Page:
ST. LOUIS – For many, Thanksgiving not only means giving thanks, but it also means a big dinner and football.
So, let’s say you’ve polished off three helpings of turkey and dressing and you’re lying on the couch to catch the second half of the Cowboys game. That heartburn you feel could be more serious than you think.
It could be GERD or Gastroesophageal Reflux Disease
Gastroesophageal reflux describes a backflow of acid from the stomach into the esophagus. Almost everyone experiences this intense feeling at some point. The usual symptom is heartburn, an uncomfortable burning sensation behind the breastbone, most commonly occurring after a big meal. However, when this happens frequently, you may have GERD.
C. Prakash Gyawali, MD, Washington University gastroenterologist at Barnes-Jewish Hospital, says that while many holiday activities and treats can create a “perfect storm” for GERD sufferers, it’s a treatable problem.
“The treatment for GERD starts with some degree of lifestyle modification,” he says. “Reduce pro-GERD factors: keep the meals from being too large, don’t eat too much at a single setting, be careful not to overeat just before lying down – these can definitely help reduce symptoms. People can sometimes wake up with heartburn if they eat large meals before reclining. Also, avoid particularly high fat meals, especially too much holiday treats like chocolate and dessert, another problem during the holidays.”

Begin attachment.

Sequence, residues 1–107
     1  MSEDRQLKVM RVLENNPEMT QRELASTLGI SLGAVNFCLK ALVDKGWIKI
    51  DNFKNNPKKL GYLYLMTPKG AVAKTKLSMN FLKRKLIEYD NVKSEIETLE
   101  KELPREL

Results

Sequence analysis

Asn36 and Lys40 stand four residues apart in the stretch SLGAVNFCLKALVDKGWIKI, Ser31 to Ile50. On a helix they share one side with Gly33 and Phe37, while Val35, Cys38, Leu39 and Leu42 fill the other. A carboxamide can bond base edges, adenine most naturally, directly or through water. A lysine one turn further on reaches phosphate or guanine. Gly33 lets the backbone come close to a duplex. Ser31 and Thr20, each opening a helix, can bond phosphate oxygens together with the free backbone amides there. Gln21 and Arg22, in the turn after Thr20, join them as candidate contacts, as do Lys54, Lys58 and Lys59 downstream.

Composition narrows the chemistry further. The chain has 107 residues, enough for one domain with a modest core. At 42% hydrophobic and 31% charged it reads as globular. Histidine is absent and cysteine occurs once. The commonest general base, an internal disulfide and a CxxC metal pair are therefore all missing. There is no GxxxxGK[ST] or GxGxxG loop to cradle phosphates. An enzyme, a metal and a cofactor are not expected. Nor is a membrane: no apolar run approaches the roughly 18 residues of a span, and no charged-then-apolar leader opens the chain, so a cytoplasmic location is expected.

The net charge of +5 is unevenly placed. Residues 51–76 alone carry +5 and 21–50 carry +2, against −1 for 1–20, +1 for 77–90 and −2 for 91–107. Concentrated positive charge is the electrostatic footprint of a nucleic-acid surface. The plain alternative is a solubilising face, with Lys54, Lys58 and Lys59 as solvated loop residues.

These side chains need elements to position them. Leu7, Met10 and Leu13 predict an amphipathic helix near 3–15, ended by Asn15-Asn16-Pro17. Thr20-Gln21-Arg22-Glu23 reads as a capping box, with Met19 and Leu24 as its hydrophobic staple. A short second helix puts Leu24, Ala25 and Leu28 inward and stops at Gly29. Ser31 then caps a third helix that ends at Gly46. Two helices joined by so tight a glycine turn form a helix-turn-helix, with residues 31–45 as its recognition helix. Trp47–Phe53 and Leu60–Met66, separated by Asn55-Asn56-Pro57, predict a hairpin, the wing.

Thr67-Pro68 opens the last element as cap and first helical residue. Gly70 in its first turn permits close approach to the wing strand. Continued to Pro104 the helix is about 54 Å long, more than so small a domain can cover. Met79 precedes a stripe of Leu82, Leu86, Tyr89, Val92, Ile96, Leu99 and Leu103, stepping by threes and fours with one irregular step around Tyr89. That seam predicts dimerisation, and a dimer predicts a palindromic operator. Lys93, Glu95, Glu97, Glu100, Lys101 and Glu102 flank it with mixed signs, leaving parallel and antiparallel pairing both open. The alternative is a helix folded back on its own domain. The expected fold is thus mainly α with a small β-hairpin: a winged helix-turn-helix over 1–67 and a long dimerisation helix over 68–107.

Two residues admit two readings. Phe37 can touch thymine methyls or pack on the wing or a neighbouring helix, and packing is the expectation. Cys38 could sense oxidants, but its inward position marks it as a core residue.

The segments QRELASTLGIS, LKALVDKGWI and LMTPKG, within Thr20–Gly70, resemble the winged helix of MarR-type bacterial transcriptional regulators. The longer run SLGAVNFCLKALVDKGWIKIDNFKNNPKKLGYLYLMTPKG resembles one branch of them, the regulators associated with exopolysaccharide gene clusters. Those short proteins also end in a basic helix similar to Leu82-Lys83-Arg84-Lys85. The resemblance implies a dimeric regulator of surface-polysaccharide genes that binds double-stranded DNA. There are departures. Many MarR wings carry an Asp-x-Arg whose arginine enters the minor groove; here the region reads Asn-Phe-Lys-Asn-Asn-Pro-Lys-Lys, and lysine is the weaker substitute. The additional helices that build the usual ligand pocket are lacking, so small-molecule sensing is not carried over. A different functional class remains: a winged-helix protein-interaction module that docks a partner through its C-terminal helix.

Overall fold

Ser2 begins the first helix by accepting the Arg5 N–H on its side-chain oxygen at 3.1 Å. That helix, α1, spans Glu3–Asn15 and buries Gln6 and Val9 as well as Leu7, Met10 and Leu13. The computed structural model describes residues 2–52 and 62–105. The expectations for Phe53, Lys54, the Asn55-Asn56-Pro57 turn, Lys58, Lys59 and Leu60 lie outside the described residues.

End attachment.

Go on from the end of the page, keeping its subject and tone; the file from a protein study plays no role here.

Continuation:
GERD is very common. Approximately 10 percent of people have symptoms on a daily basis, and according to Dr. Gyawali, indulging at Thanksgiving dinner doesn’t help matters:
“Unfortunately many of the good things in life lower pressure in the lower bottom part of the esophagus and allow stomach contents to reflux into the esophagus. These things can include alcohol, cigarettes, chocolate, high fat food – many of the things that people may overindulge in over the holidays. These can all worsen GERD symptoms in people with reflux disease,” says Dr. Gyawali.
The four major symptoms of GERD are:
* Regurgitation of gastric acid or sour contents into the mouth
* Difficult and/or painful swallowing
* Chest pain
While these symptoms are all uncomfortable, Dr. Gyawali says hope is not lost for GERD sufferers.
“The good news about GERD is that it is very treatable,” he says. “It’s the kind of disorder that can be managed well with medications in the vast majority of patients. For those who either cannot tolerate medications or do not do well with them, there are other options available to them.”
Dr. Gyawali adds GERD tends to be a chronic problem and says people should meet with their doctor if symptoms persist.
For many, Thanksgiving not only means giving thanks, but it also means a big dinner. That heartburn you feel could be more serious than you think. It could be GERD or Gastroesophageal Reflux Disease.